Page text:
Harrington starts a new routine

Irishman tinkers to Abu Dhabi 65

Bob Warters's picture
Thu, 20 Jan 2011

Harrington starts a new routine

Like millions of golfers around the world, Padraig Harrington is constantly tinkering with his swing and his pre-shot routines. He knows that golf is never a game of perfect, so knows that there's always something he can work on.

During the winter months he has looked at his statistics - in driving, greens in regulation and putting - and spotted that he's nowhere near where he needs to be to match the consistency of players better than his 26th position in the world rankings.

So he went to work...on every part of the game that needed attention. It's a work in progress but today showed early signs that his goal to climb back up the rankings is on course...with a little bit of luck.

He turned in a opening round of seven under par 65 at Abu Dhabi - with no bogeys - a fact that cracked a big smile on the Irishman's face. It's one behind first round leader Charl Schwartzel of South Africa but it's only day one of the rest of the season.

His luck came at the par-5 8th where he chipped in for eagle - "it was a shock it went in at that pace"said Harrington - but the result of his hard work came with a series of putts using his new pre-shot routine.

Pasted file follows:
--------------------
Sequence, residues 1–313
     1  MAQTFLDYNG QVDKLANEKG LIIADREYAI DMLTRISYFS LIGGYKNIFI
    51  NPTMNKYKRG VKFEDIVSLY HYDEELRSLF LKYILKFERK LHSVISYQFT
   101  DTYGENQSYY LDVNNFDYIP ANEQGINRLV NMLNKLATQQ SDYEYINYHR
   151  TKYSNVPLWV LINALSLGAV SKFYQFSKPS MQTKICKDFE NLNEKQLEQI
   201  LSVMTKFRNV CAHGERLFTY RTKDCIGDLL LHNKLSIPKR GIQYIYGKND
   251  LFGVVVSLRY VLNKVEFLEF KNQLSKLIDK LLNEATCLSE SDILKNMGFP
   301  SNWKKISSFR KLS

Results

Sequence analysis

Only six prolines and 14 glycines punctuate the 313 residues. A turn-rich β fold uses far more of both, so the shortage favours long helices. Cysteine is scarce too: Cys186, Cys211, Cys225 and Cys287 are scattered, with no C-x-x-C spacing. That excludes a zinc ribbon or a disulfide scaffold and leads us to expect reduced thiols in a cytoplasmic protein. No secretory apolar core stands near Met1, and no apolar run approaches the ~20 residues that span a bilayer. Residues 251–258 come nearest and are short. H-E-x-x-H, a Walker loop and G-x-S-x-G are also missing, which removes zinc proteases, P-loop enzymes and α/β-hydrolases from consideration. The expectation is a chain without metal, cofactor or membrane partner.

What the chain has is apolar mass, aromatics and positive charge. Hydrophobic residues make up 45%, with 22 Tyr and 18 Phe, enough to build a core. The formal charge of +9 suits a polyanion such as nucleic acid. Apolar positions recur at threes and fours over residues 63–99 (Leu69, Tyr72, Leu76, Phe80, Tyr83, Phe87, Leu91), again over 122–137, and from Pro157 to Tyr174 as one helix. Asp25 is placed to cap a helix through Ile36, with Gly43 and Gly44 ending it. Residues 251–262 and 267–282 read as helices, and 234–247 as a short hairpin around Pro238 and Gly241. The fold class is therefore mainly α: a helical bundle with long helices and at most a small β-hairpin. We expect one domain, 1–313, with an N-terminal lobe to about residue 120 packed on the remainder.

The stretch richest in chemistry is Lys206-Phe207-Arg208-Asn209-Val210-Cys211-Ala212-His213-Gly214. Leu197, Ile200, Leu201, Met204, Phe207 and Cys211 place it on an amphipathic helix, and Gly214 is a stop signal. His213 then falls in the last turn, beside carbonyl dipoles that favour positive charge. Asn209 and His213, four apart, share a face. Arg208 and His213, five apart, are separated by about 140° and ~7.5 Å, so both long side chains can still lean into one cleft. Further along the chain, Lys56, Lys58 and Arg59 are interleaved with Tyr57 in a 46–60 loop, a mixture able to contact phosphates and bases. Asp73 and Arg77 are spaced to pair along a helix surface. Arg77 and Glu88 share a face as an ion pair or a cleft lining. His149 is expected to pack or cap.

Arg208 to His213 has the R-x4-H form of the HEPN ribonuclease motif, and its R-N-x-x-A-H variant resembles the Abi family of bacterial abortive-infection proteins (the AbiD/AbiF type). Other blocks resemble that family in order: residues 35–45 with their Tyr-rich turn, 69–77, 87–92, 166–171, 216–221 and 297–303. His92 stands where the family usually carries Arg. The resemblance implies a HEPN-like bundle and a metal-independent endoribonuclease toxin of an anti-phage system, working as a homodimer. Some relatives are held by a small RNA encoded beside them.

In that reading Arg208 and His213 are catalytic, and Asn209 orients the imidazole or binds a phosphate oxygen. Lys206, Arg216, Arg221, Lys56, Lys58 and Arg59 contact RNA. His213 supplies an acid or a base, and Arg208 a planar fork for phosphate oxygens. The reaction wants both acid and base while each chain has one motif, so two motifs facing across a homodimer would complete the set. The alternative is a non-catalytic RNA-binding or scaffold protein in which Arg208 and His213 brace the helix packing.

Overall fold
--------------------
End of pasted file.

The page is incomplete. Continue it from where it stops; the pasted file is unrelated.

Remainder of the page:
"The first putt of the day I was away with the fairies, but I made the most out of the round - another day that would have been 69," added Harrington. "One thing showed up in the States last year. I was about 156th in every putting category, so something needed to be done."

The outcome is a new routine, where instead of taking two practice swishes inside the proposed path of the ball then sliding the putter behind the ball (without moving his feet), he sets up and makes three practice passes over the top of the ball to feel the pace before setting it down and making his stroke. 

Fellow Irishman Graeme McDowell also hit the ground running with a sensational run of five closing birdies for a six under 66 to share third alongside the Swedish duo, Alexander Noren and Niclas Fasth.

On Sunday, he plans to take several weeks off to re-charge his batteries.

The US Open champion had a minor scare when his gap wedge touched his ball when setting up his approach to the final green.

"I was fairly sure the ball hadn't done anything and after (referee) Andy McFee had a look at the TV footage he was happy the ball had only oscillated. So I was happy there was no infringement, " commented McDowell.